Understanding a recession and how to recession-proof your life

Recessions are part of any economic cycle, but there’s no doubt they freak everyone out – simply Google ‘how to prepare for a recession’ and you’ll get almost 30 million results.

Knowing this, how can you prepare for one? What might it mean for you, your family, your job and your mortgage? To answer these questions, let’s look at where the economy is right now and the proactive steps you could take to help recession-proof your finances. 

The nature of the economic recession – what does this mean for you?

Firstly, what is a recession? According to the Reserve Bank of Australia, there’s no single definition but it’s “generally agreed that a recession occurs when there is a period of reduced output and a significant increase in the unemployment rate”. Some experts say you’re in recession when there are two consecutive quarters of negative economic growth. 

What happens in a recession? In simple terms, the flow of money slows down: as consumers, we may spend less and save more, fearing financial stress ahead. And if we’re spending less, there’s a knock-on effect for businesses – they lose sales, may lay off staff and might stop investing in growth too. 

Other key factors include lenders tightening credit, making it harder for people to borrow money. 

Where are we at in the current climate? 

There’s been modest growth in the economy in the second quarter of 2023, according to the ABS – which experts have been buoyed by, because it’s a sign our economy is resilient even in the face of rising interest rates and household budgets under pressure.

The Reserve Bank of Australia (RBA) hasn’t raised interest rates for the past three months either, which could be a sign inflation is easing more than we expected. That said, hold onto your hats – some experts predict at least one more rate rise before 2023 is out.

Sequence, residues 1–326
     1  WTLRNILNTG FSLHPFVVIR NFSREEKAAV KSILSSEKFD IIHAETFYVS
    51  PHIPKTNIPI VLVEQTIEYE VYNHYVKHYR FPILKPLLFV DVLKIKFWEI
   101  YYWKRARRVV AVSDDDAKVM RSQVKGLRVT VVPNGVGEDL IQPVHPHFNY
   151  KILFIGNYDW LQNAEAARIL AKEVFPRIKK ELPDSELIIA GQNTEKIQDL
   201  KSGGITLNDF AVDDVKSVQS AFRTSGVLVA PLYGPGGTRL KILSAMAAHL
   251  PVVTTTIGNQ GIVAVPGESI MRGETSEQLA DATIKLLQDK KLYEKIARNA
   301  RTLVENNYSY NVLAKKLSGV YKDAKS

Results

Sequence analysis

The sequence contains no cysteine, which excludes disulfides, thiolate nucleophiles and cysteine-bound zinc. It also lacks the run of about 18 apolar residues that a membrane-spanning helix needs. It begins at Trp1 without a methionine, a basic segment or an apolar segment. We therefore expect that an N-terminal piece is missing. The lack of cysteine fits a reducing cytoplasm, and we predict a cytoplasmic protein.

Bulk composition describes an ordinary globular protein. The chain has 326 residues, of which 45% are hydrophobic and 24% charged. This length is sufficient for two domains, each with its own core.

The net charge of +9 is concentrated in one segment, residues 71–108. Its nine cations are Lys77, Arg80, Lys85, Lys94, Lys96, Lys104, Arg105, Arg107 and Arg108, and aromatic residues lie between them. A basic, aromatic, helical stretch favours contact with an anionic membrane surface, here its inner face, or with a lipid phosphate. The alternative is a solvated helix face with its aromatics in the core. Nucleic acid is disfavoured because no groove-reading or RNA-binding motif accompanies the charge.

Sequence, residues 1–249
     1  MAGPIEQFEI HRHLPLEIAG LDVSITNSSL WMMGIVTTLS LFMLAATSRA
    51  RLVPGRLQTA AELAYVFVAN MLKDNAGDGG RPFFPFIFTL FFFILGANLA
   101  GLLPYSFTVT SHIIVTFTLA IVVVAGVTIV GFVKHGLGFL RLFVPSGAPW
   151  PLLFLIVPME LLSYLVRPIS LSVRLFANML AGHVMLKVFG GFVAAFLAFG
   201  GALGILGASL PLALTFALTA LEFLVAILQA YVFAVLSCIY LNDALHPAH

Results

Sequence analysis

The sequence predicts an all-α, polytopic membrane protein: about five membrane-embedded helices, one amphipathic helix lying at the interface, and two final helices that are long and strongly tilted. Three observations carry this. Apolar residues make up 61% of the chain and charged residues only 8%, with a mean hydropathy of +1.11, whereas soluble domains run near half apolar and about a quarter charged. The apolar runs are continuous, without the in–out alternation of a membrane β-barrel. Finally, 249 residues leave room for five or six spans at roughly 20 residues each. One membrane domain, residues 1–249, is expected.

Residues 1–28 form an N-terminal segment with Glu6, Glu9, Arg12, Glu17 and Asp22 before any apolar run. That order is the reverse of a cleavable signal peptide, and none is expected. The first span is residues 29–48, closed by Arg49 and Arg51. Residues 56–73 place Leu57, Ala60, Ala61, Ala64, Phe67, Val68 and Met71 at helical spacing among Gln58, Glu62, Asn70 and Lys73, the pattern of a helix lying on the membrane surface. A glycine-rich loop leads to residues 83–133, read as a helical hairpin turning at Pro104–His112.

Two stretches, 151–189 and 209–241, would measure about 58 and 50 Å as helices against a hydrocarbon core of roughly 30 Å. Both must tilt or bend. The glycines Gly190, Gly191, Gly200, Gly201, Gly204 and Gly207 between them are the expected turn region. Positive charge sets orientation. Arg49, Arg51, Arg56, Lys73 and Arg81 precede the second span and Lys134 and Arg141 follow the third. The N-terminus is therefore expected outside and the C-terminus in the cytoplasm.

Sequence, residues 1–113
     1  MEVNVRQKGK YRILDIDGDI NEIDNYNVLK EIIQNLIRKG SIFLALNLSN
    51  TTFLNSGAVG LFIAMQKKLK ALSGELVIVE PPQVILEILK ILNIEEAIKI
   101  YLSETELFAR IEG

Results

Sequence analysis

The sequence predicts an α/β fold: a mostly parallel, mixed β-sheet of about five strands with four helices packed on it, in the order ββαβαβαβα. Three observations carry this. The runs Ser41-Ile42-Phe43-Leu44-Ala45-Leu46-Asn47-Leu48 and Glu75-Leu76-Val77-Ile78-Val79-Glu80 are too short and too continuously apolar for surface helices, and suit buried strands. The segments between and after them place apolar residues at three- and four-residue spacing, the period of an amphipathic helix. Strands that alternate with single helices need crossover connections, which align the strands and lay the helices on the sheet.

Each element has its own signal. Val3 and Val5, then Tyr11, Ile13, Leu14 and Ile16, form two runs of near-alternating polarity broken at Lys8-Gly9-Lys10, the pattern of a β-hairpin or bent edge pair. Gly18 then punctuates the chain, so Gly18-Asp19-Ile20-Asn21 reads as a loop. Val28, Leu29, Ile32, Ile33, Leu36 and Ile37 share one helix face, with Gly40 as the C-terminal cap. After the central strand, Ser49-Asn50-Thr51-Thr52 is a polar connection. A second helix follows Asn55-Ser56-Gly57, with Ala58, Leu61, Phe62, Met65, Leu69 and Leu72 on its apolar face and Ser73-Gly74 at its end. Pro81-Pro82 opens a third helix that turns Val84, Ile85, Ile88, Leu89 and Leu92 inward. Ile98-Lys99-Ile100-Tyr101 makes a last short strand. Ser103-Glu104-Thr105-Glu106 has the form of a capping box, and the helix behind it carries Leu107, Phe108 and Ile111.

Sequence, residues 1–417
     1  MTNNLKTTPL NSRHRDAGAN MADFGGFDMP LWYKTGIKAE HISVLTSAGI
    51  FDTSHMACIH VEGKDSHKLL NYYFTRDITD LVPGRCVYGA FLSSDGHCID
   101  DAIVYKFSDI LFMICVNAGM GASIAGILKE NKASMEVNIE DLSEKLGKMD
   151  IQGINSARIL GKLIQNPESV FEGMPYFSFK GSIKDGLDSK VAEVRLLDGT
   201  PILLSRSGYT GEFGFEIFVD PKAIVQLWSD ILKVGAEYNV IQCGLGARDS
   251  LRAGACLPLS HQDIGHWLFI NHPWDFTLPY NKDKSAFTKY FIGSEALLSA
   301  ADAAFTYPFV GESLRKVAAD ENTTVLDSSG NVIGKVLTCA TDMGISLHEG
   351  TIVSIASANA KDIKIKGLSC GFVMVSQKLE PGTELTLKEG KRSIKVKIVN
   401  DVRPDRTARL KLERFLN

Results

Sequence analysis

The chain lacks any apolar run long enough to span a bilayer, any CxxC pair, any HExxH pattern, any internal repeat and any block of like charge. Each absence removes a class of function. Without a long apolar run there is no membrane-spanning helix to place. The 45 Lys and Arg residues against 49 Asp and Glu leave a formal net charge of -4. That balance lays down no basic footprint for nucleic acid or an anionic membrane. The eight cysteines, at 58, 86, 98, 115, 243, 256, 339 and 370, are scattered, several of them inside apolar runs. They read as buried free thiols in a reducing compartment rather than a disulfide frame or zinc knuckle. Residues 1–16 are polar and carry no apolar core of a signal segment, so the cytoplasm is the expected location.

Assessing the impact on your personal finances

Now could be the time to crack open the piggy bank and take stock – by that, we mean look at your accounts, income streams, expenses and current budget.

Get a complete picture of where you are financially – this inventory can help assess how a recession might impact you if one occurs, and identify exactly where you might be able to cut back.

Once you have the intel on your financial position, you might also find it a good time to educate yourself about what your options are, or seek professional advice.

Strategies for recession-proofing your finances

Our top strategies for recession-proofing your finances include:

  • Reduce debts: That might mean consolidating debt or, you might have the means to make extra repayments on any debts to clear them. You could also consider asking your bank for an interest rate reduction.
  • Look for high interest savings accounts: Rising interest rates may be bad news for mortgage holders but if you’ve got savings you could be in a good position to earn more on your money. 
  • Cut costs wherever possible: Make your lunch every day, cook dinner over ordering takeaway, cancel the streaming services you never watch, and consider ringing all your utility companies to ask for a better deal. These are all small steps but they can add up to significant savings over the course of a year.